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WORK The Work Magazine Reprint Project

Issue No. 36 - Published November 23, 1889

11/23/2012

Work Magazine LogoIssue No. 36 - Published November 23, 1889 5


And a happy Black Friday to you too. Personally, I choose to spend days like these hiding in the relative safety of my workshop. It's not that I oppose commerce. Full Disclosure: my livelihood depends on it. Honestly, I'd be thrilled to find out that everyone who ever wanted a shiny Gramercy backsaw decided to buy one today.

Though, to be fair, we don't make anyone schlep to a mall for our wares. I realize our online catalogue doesn't exactly represent the old-fashioned way of doing things, but at times like these, it certainly feels like the decidedly civilized approach.
Issue No. 36 - Published November 23, 1889 6
The point is that I'm not going out today. Purchases will, undoubtedly, be made, but my shopping trips are likely to involve not more than shambling between the kitchen for coffee and then back to my laptop. The rest of the day is hereby reserved for that most-pleasant of workshop activities: puttering.

It is my firm intent to put aside pending projects for the day, and instead mess with whatever strikes my fancy. I might even do some carving. It is for this reason that I've layered my post with a Laughing Jackass and a conventionally treated pomegranate.

As part of our fall publication, Modern Edge Tools, we included a section for people interested in starting to carve. To supplement that section, we published some foliate carving templates. If you want to check them out, hit the black and white "M.E.T." button at the top of this page.

In any case, while reading this week's issue of Work, I happened across the designs supplied with "HOW TO PAINT A STAINED GLASS WINDOW BLIND" and couldn't resist reposting them here with the suggestion that we all have a crack at carving them. I am nothing if not an enabler, and I believe puttering to be a noble pursuit, especially on days when Madison Avenue tells us we ought to be conducting an wonky-wheeled shopping trolly through some pre-dawn discount bedlam. Happy Carving! –TIM

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Disclaimer: Articles in Work: The Illustrated Weekly Journal for Mechanics describe materials and methods that would not be considered safe or advisable today. We are not responsible for the content of these magazines, and cannot take any responsibility for anyone attempting projects or procedures described therein.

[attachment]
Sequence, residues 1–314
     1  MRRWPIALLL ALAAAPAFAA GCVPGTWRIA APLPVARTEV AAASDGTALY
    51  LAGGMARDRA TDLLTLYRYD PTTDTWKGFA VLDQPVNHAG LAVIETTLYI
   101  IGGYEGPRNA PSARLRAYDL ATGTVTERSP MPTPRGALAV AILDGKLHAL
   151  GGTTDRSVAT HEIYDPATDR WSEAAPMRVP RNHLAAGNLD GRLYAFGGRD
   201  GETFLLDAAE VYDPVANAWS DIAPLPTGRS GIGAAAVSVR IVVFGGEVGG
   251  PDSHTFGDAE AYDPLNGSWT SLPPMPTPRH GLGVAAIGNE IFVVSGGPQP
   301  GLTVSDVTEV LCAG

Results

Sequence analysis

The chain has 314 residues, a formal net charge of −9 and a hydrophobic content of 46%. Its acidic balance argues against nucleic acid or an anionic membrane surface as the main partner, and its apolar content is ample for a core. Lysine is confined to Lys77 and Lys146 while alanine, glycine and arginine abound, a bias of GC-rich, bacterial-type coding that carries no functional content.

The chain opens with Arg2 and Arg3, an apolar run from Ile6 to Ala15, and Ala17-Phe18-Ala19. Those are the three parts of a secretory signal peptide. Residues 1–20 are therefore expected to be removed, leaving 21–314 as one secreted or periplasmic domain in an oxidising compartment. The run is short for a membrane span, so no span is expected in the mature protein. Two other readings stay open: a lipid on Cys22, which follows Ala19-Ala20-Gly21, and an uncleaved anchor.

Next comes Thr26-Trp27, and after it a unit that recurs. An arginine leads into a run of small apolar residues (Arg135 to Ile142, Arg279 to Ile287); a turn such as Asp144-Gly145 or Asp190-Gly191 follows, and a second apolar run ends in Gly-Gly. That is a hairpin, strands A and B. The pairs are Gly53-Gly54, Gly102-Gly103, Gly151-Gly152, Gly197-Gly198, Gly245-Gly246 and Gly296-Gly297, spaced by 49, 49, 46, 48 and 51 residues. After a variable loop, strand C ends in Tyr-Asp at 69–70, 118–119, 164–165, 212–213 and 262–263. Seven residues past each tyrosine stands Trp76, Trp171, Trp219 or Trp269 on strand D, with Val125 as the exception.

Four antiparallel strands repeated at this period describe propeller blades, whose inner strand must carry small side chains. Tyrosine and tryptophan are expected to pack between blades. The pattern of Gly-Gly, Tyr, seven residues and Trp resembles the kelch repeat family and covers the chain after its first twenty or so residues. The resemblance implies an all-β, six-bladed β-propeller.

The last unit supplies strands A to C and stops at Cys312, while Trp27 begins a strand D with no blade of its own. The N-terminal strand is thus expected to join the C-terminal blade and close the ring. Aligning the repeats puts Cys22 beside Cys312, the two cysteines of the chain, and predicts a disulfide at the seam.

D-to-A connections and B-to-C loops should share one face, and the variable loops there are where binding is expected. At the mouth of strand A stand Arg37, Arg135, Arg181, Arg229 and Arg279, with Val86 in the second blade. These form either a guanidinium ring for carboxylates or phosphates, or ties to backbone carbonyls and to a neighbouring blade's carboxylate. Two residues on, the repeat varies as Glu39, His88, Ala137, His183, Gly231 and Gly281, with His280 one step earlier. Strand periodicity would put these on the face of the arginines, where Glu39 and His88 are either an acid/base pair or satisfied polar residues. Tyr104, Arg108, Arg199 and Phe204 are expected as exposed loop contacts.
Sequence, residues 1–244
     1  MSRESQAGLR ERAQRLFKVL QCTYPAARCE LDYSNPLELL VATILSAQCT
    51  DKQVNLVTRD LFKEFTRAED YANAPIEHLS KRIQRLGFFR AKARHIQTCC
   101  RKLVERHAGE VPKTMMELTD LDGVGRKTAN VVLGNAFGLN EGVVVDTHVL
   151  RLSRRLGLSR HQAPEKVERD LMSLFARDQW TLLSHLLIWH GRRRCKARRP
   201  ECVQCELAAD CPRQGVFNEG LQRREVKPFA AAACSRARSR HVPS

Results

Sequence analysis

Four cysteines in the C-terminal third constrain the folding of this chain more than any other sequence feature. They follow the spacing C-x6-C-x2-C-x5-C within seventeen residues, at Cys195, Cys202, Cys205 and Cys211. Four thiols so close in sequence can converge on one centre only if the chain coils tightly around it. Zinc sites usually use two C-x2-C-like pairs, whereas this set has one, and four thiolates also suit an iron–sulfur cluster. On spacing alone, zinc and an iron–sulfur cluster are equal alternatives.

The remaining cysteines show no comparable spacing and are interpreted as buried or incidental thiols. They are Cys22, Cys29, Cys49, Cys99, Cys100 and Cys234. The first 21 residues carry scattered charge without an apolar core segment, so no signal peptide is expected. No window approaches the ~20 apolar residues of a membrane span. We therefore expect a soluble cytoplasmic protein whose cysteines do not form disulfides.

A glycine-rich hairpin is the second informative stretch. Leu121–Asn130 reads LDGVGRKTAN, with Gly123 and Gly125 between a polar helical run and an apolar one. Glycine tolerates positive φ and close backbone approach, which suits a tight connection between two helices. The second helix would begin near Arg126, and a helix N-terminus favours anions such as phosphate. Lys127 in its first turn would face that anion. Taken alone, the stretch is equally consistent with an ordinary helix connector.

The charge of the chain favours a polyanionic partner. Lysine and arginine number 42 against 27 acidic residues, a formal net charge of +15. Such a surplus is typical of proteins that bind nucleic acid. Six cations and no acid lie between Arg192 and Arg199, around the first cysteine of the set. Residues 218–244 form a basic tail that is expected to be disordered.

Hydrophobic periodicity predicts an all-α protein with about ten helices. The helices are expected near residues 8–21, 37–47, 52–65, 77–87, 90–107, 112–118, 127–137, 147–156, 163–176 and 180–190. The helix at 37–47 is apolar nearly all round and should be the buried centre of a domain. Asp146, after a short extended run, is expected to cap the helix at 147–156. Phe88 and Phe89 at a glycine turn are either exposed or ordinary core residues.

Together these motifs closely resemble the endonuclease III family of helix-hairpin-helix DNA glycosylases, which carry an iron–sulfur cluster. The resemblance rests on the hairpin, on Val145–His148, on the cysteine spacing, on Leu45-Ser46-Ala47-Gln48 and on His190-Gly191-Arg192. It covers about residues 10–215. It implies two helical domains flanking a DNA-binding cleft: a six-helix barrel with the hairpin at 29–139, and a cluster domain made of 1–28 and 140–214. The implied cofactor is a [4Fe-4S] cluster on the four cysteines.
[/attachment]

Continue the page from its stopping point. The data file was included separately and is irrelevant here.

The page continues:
The first issue of Work was published on March 23rd, 1889. The goal of this project is to release digital copies of the individual issues starting on the same date in 2012, effectively republishing the materials 123 years to the day from their original release.

The original printing was on thin, inexpensive paper. There are many cases of uneven inking and bleed-through from the page behind. Our copies of Work come from bound library volumes of these issues and are subject to unfavorable trimming, missing covers, etc. To minimize harm to these fragile volumes, we've undertaken the task of scanning the books ourselves. We do considerable post processing of the scans to make them clear but please bear with us if a margin is clipped too close, or a few words are unreadable. We would like to thank James Vasile and Karl Fogel for their help in supplying us with a book scanner and generally enabling this project to get off the ground.

You are welcome to download, print, and pretty much do what you want with the scan for your own personal purposes. Feel free to post a link or a copy on your blog or website. All we ask is a link back to the original project and this blog. We are not answering requests for commercial downloads or reprinting at this time.




• Click to Download Vol.1 - No. 36 •




Issue No. 36 - Published November 23, 1889 8 Issue No. 36 - Published November 23, 1889 9 Issue No. 36 - Published November 23, 1889 10



Join the conversation
11/23/2012 Alex B.
Modern Edge Tools is delightful and informative as well.
11/23/2012 Peter Evans
Laughing Jackass!!! That is a Kookaburra; who was the jackass who wrote the caption.

ps MET is great, we need more of this and less of the modern glitz.
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The opinions expressed in this blog are those of the blog's author and guests and in no way reflect the views of Tools for Working Wood.